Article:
Barriers To AdoptionPosted: June 16, 2009
Today Jocelyn Ruiz Perez from evalueserve sent a very nice paper about Barriers and Facilitators in Use of KM Systems … Quite an interesting paper. While on the whole, the paper discusses the findings of the authors about human and organizational issues which are usually not addressed in the way KM is approached in a lot of organizations (i wouldnt say all, but quite a few, probably), there are a few things which stand out.
Especially the part where the authors discuss the things which need to be addressed if organizations are to leverage Knowledge Management successfully:
- Inadequacies of technology
- Systems not being user-friendly
- High current workload
- Failure to institutionalize
Interestingly, these are all challenges which are not very difficult to overcome. At least, some of them.
About the inadequacies of technology, we all know about them. Having said that, though, most of these inadequacies, over a period of time, are being taken care of, and technology is evolving with platforms which can meet the requirements of both users and organizations, which usually come from user-friendliness, and integration.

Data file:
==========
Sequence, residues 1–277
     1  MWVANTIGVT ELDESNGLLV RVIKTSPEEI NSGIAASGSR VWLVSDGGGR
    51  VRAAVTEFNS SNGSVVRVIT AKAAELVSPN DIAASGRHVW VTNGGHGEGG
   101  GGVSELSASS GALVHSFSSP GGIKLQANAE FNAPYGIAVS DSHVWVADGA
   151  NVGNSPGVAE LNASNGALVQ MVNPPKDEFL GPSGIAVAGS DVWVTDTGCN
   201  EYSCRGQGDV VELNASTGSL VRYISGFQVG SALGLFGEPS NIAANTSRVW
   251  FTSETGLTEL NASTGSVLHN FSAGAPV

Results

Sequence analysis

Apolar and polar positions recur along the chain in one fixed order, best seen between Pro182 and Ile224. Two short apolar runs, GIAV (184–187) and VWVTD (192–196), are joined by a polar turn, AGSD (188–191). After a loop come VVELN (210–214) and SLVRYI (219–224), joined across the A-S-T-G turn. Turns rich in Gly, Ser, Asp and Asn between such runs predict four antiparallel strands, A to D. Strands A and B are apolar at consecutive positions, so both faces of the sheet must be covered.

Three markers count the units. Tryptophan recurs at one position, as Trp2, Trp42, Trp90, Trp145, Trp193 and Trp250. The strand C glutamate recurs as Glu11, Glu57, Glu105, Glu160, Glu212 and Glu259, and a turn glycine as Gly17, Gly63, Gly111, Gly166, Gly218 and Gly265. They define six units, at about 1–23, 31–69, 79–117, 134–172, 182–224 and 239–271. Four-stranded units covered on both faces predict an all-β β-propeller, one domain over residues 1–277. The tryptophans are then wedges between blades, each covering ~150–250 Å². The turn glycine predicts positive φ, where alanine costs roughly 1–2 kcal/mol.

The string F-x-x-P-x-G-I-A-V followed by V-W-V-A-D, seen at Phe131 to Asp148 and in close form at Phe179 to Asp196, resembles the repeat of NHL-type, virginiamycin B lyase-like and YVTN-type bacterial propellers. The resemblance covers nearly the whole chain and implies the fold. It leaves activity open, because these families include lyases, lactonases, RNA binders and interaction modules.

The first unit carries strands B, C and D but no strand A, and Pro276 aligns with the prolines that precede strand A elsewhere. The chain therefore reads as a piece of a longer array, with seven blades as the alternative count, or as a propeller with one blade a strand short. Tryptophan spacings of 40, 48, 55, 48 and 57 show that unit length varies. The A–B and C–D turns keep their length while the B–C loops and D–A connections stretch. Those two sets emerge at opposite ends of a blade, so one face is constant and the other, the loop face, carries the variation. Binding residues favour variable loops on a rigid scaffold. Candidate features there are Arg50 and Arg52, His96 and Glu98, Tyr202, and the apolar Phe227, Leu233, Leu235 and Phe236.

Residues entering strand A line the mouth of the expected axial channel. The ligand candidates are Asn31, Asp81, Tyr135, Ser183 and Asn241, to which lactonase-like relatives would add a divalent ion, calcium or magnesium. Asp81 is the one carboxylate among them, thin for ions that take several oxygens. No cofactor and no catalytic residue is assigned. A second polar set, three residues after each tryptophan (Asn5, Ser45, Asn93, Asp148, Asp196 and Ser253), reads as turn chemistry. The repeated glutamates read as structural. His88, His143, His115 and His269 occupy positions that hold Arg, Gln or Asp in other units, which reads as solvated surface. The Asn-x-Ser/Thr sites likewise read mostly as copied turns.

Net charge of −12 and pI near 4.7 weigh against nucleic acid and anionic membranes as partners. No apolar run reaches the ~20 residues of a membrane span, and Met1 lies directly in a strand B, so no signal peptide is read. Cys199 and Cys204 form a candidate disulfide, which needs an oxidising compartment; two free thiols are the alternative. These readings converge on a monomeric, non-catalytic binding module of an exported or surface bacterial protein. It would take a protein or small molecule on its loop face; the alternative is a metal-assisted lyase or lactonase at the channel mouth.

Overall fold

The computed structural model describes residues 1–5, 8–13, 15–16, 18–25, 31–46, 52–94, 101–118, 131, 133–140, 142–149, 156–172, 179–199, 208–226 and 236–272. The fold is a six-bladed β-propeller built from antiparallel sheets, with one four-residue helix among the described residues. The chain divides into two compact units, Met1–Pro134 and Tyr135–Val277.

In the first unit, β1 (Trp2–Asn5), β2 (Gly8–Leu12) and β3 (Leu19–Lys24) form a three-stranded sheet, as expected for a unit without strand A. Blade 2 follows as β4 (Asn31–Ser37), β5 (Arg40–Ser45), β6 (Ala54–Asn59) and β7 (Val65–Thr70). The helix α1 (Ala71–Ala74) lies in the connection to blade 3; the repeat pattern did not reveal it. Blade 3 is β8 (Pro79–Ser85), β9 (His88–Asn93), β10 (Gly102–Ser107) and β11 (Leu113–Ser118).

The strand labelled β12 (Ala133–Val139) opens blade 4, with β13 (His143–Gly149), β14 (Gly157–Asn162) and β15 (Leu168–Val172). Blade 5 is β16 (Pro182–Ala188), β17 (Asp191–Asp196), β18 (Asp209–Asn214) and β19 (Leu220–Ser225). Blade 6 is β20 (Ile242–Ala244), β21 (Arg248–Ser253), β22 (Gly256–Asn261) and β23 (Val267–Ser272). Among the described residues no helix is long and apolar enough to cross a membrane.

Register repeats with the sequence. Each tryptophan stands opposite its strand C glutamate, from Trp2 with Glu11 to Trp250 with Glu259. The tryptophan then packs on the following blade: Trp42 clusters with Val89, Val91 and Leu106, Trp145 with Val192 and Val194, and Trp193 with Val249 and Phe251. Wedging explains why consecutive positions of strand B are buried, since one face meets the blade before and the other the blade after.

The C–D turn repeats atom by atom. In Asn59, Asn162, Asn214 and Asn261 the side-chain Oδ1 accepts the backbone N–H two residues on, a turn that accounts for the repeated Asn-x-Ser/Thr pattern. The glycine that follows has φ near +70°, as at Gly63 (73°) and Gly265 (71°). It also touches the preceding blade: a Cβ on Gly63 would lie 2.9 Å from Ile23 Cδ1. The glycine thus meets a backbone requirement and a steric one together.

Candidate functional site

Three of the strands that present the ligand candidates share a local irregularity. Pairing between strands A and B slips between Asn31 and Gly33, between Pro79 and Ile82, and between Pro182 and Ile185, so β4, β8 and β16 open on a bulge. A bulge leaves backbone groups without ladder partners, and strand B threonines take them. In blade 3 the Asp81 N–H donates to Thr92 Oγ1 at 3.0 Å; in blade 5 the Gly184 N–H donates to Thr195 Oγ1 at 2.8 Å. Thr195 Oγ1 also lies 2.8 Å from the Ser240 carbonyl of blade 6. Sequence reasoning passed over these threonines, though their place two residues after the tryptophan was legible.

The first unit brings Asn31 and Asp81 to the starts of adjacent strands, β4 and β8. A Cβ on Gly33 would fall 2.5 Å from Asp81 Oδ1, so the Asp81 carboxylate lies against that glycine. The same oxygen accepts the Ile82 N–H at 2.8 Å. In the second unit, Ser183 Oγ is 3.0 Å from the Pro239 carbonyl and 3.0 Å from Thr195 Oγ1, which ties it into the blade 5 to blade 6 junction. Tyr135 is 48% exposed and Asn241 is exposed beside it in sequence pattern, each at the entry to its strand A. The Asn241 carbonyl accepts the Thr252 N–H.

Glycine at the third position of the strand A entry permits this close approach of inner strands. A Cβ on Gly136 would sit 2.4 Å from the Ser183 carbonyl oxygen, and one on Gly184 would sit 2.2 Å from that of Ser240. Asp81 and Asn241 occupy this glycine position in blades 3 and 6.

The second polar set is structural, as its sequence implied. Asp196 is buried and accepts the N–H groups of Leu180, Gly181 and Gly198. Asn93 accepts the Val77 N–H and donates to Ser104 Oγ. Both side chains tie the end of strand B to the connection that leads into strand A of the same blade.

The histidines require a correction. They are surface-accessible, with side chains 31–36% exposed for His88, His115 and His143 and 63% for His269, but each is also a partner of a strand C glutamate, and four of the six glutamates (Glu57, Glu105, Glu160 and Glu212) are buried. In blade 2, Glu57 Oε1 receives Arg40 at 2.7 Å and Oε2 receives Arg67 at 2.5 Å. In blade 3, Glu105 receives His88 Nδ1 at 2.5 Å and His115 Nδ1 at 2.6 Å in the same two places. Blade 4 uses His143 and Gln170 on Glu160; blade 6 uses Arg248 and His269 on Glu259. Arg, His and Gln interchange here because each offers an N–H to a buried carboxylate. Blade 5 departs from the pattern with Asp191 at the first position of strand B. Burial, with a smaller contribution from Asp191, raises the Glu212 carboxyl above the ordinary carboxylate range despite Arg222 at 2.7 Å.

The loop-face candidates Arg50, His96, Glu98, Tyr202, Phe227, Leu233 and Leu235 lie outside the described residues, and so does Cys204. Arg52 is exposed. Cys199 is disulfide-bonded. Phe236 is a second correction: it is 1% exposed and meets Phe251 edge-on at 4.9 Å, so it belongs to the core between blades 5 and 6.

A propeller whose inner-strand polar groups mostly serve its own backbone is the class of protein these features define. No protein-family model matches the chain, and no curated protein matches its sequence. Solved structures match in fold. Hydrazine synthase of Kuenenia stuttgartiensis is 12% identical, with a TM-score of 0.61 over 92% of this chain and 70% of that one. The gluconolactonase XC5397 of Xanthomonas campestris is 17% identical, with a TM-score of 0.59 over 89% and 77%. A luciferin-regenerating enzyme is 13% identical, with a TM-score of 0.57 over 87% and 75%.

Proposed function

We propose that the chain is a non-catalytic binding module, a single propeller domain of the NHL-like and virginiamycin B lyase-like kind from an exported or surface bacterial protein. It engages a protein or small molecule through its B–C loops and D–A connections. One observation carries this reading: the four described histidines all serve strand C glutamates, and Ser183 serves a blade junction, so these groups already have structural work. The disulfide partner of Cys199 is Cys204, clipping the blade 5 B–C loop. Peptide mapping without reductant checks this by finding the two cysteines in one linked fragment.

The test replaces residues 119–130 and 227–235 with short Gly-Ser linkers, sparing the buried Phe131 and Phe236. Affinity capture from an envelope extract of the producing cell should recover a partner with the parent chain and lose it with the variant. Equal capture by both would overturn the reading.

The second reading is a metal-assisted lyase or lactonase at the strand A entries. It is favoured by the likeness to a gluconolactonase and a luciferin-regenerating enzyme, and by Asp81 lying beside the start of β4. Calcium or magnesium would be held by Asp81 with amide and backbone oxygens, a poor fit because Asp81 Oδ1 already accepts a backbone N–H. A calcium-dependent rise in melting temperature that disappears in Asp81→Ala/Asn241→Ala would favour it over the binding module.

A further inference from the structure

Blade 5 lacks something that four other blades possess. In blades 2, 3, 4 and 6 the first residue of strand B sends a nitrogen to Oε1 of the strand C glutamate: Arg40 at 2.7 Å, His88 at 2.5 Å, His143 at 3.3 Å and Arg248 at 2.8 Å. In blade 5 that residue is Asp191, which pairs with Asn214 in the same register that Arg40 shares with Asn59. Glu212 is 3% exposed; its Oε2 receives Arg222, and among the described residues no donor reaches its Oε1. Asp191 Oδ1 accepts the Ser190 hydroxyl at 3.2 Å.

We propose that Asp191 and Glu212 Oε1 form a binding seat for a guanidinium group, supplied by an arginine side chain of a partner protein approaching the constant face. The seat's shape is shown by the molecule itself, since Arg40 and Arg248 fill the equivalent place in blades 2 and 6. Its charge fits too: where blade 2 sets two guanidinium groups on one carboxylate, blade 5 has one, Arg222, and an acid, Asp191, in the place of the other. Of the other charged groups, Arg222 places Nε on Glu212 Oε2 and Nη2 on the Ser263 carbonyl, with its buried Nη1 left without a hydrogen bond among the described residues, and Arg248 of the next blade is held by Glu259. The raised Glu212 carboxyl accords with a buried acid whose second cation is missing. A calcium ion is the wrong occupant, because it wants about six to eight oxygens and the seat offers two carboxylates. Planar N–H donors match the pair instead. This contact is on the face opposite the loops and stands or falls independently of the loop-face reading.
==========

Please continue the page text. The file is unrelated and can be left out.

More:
Another aspect of this, however, is to make KM relevant. Most organizations i talk with, have a on-size-fits-all approach towards KM platforms. This means that the platform usually tends to be a static one, with all users, irrespective of what their requirements are, and what they are likely to be looking for, coming across a single user-experience with the platform, which leads to a lot of irrelevant information being presented to users. Of course, this is easily addressed by RSS and other similar technologies which are pull based, rather than being push based.
Coming to the concept of high user workload, this is the classic conundrum which a lot of KM practitioners would have faced, and continue to face … Wheres the time?! With users being hard-pressed for time, where is the time for going through the resources which KM presents to you, and also where is the time for contributing to the repository of knowledge which KM can make available to others? This makes it a chicken-and-egg situation. And this is where the whole idea of making KM engagement a part of work, rather than being an additional activity. Whether it be contributing to, or learning from, the resources which are available on the KM platform. This, to an extent, would also address the failure to institutionalize … though only to an extent.
Any thoughts, please feel free to comment.